What's New in MariaDB 10.6

Zamani Rahman

As of January 2022, ClusterControl v1.9.2 introduced support for the latest version of MariaDB — version 10.6. MariaDB 10.6, released in July 2021, will be supported for the next four years or precisely until July 2026.

In this post, we will highlight the top features of MariaDB 10.6.

Atomic DDL (Data Definition Language)

The first feature we will cover is Atomic DDL. By definition, “atomic” means either the operation is successful and logged to the binary logs, or it is completely reversed. Starting with MariaDB 10.6.1, MariaDB has improved the DDL’s operations readability by making most of them atomic while the rest are crash-safe, even if the server crashes while executing any operation. Both Atomic and Crash-safe were developed to work with all storage engines, except for the S3 storage engine and partitioning engine, which are still a work in progress.

In this version, ALTER TABLE, RENAME TABLE, CREATE TABLE, DROP TABLE, DROP DATABASE, and their related DDL statements are now atomic ready. The complete list of other Atomic DDL operations can be found here. The great thing about the new atomic and crash-safe implementation is that the MariaDB server has become much more stable, not to mention reliable, even in unstable environments.

SQL Syntax

In terms of the SQL Syntax category, a few new features were added. The first one that we are going to see is:


The OFFSET clause will permit us to return just those segments of a resultset that arrive after a defined offset. On the other hand, the FETCH clause restricts the number of rows to return. Whether it’s a singular ROW or plural ROWS, both could be used after the OFFSET and FETCH clauses as they have no impact on the outcomes. 


Perhaps some of us are familiar with this syntax since it has been imported and adapted from MySQL. With SKIP LOCKED, we could skip any locked ROWS when accomplishing SELECT or UPDATE operations. It is definitely a useful feature, especially for applications that let multiple users book limited resources like hotel rooms, flight seats, concert tickets, etc. 

Ignored Indexes

Ignored Indexes is similar to the “invisible indexes” feature in MySQL 8. Any indexes that are visible and maintained but not used by the optimizer could be defined as Ignored Indexes. This can be very useful when testing to see what surfaces if we drop an index before indeed dropping it. In case any issue emerges, we could enable it again instantly (by marking the index IGNORED/NOT IGNORED).


This table function is also imported from MySQL, where it could transform JSON data or documents into a relational form. In this version, MariaDB enabled a table view into JSON data stored in the MariaDB database, and by using SQL, all queries will be returned as a regular table.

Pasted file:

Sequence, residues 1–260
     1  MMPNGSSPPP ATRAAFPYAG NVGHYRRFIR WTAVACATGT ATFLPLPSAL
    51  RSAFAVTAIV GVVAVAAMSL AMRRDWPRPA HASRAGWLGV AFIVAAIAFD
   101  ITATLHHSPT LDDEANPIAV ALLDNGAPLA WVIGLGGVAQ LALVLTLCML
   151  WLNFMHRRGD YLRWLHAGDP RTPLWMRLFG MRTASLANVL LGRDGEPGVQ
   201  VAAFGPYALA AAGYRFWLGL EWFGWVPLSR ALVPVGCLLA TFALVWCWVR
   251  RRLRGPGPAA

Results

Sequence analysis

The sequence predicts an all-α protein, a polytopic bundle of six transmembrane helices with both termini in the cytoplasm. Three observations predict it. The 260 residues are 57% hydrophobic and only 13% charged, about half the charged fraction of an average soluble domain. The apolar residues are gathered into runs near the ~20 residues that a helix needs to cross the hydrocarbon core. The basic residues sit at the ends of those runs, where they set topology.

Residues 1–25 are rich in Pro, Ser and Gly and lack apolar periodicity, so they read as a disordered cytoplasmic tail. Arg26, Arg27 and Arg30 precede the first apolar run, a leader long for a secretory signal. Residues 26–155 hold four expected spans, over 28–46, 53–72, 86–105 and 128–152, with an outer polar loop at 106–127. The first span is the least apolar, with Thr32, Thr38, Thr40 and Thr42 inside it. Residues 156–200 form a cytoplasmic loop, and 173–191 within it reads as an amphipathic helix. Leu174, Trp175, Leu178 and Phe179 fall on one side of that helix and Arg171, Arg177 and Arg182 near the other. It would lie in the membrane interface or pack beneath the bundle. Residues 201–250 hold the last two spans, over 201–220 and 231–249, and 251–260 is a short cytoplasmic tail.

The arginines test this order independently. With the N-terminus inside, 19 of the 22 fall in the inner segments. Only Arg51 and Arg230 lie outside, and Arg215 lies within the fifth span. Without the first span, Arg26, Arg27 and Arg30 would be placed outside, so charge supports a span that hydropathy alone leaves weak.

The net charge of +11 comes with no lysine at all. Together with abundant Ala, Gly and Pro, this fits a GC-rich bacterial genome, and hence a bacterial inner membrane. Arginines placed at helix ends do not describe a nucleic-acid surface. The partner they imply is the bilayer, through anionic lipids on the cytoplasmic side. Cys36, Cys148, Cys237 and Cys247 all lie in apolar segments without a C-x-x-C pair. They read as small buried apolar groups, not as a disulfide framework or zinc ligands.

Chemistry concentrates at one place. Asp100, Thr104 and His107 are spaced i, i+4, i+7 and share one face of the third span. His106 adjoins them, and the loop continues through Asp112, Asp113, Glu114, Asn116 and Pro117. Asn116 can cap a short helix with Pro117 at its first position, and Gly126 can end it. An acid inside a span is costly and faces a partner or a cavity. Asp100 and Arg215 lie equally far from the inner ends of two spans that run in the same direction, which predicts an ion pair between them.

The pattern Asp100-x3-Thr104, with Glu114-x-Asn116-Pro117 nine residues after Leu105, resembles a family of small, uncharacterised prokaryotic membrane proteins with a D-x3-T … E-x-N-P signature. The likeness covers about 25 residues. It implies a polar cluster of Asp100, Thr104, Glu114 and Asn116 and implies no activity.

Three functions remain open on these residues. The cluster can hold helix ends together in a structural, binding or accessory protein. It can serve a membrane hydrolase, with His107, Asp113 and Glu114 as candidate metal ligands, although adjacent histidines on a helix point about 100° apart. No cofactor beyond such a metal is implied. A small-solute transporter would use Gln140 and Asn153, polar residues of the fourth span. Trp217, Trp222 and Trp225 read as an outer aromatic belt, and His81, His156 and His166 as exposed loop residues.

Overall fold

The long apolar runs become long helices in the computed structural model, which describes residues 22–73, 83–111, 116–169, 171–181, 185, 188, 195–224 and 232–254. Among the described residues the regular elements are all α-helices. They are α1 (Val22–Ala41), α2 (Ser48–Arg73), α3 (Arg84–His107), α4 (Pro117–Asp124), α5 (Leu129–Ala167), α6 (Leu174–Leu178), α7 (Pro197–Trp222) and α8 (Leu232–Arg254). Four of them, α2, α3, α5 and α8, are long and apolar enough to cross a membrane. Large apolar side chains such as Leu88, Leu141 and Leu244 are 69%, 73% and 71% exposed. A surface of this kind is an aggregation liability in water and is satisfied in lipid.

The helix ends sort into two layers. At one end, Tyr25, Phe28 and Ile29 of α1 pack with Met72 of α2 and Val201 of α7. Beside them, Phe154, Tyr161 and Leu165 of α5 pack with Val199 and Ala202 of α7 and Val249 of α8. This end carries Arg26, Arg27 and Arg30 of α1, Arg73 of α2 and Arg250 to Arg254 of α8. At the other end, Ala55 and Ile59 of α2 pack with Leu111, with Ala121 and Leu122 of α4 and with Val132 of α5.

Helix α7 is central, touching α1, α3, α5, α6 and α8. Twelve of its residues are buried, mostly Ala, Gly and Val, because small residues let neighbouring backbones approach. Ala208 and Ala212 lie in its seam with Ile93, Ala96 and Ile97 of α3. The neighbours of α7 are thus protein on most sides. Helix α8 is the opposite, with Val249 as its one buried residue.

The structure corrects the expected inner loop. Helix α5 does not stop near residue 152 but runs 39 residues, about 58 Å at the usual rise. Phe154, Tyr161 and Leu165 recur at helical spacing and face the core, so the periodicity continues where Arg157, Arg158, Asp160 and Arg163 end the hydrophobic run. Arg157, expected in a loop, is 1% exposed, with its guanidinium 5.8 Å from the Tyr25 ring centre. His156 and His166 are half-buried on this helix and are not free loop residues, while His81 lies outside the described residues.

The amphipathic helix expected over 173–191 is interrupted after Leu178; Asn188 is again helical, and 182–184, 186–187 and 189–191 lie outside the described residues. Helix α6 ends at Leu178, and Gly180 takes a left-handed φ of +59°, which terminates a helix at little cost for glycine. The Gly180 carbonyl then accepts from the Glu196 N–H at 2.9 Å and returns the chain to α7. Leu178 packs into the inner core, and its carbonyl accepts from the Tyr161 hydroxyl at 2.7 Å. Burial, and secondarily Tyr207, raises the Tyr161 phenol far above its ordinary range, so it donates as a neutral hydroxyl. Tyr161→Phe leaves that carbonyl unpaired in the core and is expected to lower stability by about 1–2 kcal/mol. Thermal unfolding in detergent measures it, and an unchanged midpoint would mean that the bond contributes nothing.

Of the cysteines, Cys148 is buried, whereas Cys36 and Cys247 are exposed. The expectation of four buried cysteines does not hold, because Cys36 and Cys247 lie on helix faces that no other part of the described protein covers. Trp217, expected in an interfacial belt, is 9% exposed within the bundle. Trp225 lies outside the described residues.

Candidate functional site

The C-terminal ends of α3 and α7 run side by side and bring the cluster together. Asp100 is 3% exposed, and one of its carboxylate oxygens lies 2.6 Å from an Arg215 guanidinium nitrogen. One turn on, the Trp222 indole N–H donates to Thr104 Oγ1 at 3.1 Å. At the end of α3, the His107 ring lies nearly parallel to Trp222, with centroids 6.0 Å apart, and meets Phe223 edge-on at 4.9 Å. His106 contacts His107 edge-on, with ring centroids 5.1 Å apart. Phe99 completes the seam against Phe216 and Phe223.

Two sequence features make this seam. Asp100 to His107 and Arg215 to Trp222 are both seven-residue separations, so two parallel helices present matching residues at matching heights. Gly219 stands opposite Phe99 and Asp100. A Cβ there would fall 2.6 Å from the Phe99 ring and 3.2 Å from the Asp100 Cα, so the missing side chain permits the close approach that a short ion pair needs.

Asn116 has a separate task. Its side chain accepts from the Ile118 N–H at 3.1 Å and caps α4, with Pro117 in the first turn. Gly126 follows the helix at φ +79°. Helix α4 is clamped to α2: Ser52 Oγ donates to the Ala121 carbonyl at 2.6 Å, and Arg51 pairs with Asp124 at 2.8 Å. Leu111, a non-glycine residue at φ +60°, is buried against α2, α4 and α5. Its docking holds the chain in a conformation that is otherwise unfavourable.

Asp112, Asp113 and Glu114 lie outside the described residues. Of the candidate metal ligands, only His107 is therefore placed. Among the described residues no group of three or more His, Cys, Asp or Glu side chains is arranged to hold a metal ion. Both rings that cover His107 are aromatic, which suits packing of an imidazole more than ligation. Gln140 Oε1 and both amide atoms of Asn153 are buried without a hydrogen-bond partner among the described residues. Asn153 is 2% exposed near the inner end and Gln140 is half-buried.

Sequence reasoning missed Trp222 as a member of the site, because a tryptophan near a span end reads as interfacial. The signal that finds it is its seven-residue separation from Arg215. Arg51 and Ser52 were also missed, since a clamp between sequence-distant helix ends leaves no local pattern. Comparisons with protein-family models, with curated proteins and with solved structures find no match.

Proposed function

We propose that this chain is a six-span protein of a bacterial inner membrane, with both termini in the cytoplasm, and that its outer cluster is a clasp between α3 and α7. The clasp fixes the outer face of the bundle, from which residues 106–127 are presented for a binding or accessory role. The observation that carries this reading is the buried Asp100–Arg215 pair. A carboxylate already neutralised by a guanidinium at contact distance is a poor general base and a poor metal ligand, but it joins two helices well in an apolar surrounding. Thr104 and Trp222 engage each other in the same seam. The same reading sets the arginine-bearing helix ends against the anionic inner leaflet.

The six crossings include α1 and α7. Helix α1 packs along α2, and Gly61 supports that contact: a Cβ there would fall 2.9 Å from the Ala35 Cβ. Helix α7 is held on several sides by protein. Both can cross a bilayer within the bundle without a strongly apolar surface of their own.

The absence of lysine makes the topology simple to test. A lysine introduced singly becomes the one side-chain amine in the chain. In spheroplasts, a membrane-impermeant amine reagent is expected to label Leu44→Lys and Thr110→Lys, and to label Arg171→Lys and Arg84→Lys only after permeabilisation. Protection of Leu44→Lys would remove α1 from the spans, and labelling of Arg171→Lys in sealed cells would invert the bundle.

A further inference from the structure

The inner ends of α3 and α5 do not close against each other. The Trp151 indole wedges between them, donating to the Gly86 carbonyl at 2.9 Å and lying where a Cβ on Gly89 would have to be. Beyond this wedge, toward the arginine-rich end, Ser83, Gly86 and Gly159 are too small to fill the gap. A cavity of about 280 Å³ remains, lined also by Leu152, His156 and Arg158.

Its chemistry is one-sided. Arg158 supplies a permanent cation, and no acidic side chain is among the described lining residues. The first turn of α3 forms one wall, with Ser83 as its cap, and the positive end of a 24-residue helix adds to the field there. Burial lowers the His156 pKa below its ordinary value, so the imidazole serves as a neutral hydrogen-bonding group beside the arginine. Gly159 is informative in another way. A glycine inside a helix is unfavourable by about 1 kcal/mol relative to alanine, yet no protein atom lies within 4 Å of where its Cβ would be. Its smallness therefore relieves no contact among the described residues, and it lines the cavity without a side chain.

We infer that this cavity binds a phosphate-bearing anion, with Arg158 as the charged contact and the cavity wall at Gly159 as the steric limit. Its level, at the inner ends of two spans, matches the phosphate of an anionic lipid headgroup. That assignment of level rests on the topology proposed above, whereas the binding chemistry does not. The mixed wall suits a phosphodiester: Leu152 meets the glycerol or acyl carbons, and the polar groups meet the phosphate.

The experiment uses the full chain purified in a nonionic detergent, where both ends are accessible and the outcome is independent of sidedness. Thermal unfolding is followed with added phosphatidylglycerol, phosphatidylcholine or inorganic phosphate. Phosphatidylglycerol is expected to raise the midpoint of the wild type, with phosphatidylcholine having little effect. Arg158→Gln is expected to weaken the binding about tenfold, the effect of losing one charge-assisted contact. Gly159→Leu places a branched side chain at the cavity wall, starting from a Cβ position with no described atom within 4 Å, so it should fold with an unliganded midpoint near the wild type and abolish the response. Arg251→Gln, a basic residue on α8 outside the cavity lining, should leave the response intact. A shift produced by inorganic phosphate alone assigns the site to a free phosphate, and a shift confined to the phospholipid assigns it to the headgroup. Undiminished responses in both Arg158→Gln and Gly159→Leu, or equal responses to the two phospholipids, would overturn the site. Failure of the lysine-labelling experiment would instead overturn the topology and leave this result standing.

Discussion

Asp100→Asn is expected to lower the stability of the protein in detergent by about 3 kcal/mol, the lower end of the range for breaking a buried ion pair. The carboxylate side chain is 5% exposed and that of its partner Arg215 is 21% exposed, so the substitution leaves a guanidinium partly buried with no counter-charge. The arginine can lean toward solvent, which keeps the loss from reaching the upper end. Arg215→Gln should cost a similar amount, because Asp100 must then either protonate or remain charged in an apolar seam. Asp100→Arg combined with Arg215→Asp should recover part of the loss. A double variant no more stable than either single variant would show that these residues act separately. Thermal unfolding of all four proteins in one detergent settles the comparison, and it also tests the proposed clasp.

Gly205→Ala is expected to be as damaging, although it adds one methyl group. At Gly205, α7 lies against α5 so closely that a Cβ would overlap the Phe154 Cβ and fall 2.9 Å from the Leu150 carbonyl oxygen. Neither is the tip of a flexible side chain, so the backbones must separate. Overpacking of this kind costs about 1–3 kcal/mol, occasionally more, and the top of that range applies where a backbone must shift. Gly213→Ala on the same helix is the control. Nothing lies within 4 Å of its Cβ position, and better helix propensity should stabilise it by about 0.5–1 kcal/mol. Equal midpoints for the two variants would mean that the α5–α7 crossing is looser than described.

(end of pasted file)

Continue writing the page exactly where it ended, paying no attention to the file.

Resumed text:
Oracle Compatibility

MariaDB was the pioneer in the open-source database world that added PL/SQL compatibility. Starting with MariaDB 10.3, many syntaxes and functions have been added to ease the migration from Oracle to MariaDB. As for MariaDB 10.6, the following are features introduced to make MariaDB more PL/SQL compatible:

  • Anonymous subqueries in a FROM clause (no AS clause) are permitted in ORACLE mode

  • ADD_MONTHS() added 

    • function to add/subtract months from a given date value.

  • TO_CHAR() added

    • supports NUMBER, DATE, DATETIME, TIMESTAMP, etc. as parameters and returns a formatted/converted TEXT value

  • SYS_GUID() added 

    • similar to the UUID function in MariaDB

  • MINUS is mapped to EXCEPT in UNION 

  • ROWNUM function returns the current number of accepted rows in the current context 

Replication, Galera and Binlog

In this category, MariaDB has introduced binlog_expire_logs_seconds as a form of alias for expire_logs_days, which means any changes to any of them will automatically be reflected in the other. Besides, binlog_expire_logs_seconds accepts a precision of 1/1000000 days. This is exceptionally useful in high-volume writes on master and when the environment has limited disk space.

In addition to that, MariaDB also introduced wsrep_mode system variables. This variable enables WSREP features that are not part of the default behavior like BINLOG_ROW_FORMAT_ONLY, DISALLOW_LOCAL_GTID, REQUIRED_PRIMARY_KEY, REPLICATE_ARIA, REPLICATE_MYISAM, STRICT_REPLICATION.

Sys Schema

The next feature is sys_schema, a collection of views, functions, and procedures. There is no doubt that sys_schema helps DBAs and developers in many ways while interpreting data; a lot of information and diagnostic information could be gathered from it. sys_schema is not only used in troubleshooting performance issues but also assisting in managing the resources efficiently. Thankfully, this is now available in MariaDB 10.6.

Information Schema

The newly added feature in this category is INFORMATION_SCHEMA.KEYWORDS and INFORMATION_SCHEMA.SQL_FUNCTIONS. The KEYWORDS table contains around 694 rows of MariaDB keywords, while the SQL_FUNCTIONS table contains around 234 rows of MariaDB functions. With these two tables, we can now obtain the Information Schema related to them in case we need it.

Wrapping Up

In addition to these new features introduced in MariaDB 10.6, many other improvements were made that were not discussed in this post. While many of these features were taken from MySQL, these additions are still highly beneficial to users.

As previously mentioned, ClusterControl currently supports MariaDB 10.6. With ClusterControl, you can easily upgrade to the latest technology version stress-free. If you’re not yet familiar with ClusterControl, you can evaluate it free for 30 days — no CC required. 

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